Sep 19, 2007 at 7:34 am #1225114
So, I just got my very first Caldera Cone system – for the AGG 1.3L pot. I'm super excited.
Whipped out the pot and set (pushed) it into the cone to test fit. But the fit surprised me. It FITS, but very snugly. And I am now wondering how I will get the pot out of the cone when it's hot – say, once my water is boiling? The AGG pot doesn't have any handles, which may present additional challenges.
I know a few of you have this setup. Can anyone comment on whether or not this has been an issue for them, and if so, how they tackle it?Sep 19, 2007 at 7:44 am #1402728
I don't have this exact set up, but all cones have this problem. TD says that the cone will loosen up with use, although I doubt that the cone will ever loosen up so much that it will stay on the ground when you lift up the pot. You can grip the pot with a bandana if you don't fill the pot too high. I use an MSR pot gripper. I put a spoon or my spark stick thing into one of the airholes in the bottom of the cone and push down on the cone to help seperate it from the pot. Alterneatively, you could just leave the cone attached to the pot when pouring liquid from the pot. This might cause a problem for the exposed stove in high wind though.Sep 19, 2007 at 8:36 am #1402733
@foodLocale: Colorado Rockies
Mostly I just leave the cone attached to pour water. When I want to pull the pot out I put my thumb nail in one of the bottom vents while lifting with the pot gripper.Sep 19, 2007 at 10:07 am #1402746
@mitchellkeilLocale: Deep in the OC
read my review of the Caldera Cone sytem with the exact pot you have. I address this issue.Sep 19, 2007 at 10:41 am #1402766
"Mostly I just leave the cone attached to pour water."
Yeah, as odd as it may seem, the cone really doesn't get in the way of this…Sep 19, 2007 at 10:46 am #1402768
Funny, I had the same thought – just leave the cone attached – why not? Especially if you have a pot gripper (I'll need to get one).
Comforting to know I'm not the only one who thought of that…Sep 19, 2007 at 2:54 pm #1402800
What all the He's said.
Pick up the whole thing and pour. But, if you're eating out of your pot, this may become awkward ;-)
Take pictures of that for us, okay?Sep 19, 2007 at 4:13 pm #1402807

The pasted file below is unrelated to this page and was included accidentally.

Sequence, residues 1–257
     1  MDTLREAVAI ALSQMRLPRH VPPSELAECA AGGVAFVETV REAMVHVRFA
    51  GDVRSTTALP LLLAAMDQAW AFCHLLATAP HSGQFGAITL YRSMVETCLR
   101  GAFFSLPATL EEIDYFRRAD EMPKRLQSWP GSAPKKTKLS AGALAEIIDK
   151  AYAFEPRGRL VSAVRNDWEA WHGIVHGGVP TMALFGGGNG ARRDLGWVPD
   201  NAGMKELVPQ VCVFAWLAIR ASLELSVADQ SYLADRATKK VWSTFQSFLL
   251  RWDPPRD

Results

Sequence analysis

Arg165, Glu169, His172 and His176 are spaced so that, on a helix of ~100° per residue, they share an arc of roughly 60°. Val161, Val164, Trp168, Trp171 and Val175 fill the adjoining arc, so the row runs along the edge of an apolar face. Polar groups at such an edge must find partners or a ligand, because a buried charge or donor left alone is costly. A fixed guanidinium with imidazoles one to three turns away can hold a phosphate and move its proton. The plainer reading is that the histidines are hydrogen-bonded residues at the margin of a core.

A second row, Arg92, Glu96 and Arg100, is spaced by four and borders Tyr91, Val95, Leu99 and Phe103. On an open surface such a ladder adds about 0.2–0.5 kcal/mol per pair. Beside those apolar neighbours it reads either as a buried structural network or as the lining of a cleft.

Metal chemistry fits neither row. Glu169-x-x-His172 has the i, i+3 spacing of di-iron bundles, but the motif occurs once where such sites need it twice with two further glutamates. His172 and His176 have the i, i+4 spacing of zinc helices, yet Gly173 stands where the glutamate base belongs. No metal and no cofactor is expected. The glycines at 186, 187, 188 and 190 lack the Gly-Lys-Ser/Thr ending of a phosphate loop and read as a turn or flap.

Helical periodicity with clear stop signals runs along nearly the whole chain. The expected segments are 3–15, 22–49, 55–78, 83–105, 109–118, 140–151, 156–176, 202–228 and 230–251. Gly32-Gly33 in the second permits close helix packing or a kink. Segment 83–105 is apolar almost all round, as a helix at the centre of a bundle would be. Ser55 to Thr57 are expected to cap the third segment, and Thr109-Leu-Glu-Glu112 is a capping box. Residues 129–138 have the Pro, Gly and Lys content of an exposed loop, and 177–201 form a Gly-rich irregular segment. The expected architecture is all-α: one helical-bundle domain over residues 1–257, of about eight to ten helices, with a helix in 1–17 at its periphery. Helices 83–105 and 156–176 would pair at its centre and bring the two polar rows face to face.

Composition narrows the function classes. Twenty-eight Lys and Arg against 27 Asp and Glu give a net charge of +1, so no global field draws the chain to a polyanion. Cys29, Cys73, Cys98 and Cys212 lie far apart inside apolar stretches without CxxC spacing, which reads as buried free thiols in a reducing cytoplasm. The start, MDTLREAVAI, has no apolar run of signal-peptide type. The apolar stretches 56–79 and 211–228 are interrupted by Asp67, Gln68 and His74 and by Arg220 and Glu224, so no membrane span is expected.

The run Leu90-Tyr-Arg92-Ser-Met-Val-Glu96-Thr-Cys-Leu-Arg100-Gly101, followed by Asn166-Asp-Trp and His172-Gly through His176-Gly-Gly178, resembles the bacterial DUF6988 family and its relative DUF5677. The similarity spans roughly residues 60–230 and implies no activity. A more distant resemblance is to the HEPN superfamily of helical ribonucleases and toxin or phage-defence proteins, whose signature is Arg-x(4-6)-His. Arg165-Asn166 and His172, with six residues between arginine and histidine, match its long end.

I leave the cone on the pot (MSR ti kettle)….even when eating…cone cools quickly allowing you to hold to the pot without using some sort of protection from the heat….also pot with cone attached is very stable…..If i were to modify my cone I would not have the slot for the handles…..great systemSep 19, 2007 at 8:34 pm #1402850
I pour the liquid with the cone attached, and do not consider it a problem at all. When the water is ready to pour I don't care if the stove goes out as I am done with it.
Anyone else waiting on their first cone?Mar 6, 2009 at 6:50 pm #1483459
@matthewjamesrobertsLocale: San Fernando Valley
I have a Titan Kettle.
I was thinking about wrapping a strip of 1 1/2" Kevlar tape around the pot just under the lip. The addition of the tape would cause the kettle to sit higher. 1 1/2" higher to be exact.
Similar to how the Heini keg wrapped in kevlar thread insulates the backpacking chef's fingers from burning, my kevlar tape would in theory insulate my fingers when picking up the pot. This would save me from having to pack and use a pot gripper.
…your thoughts.Mar 6, 2009 at 8:00 pm #1483468
@redleaderLocale: Luxury-Light Luke on the Llano Azul
The Caldera Cones are specifically designed to work with your pot fully seated. Raising the pot, especially 1.5" will seriously degrade the performance of the system.
Might I suggest removing the handles from your pot and installing a Titanium Bicycle Spoke bail. The bail raises my Evernew 0.9L pot about 1mm. And… the bail weighs less than any handle, or pot lifter.
Ti Spoke Bail on Evernew 0.9L Ti pot
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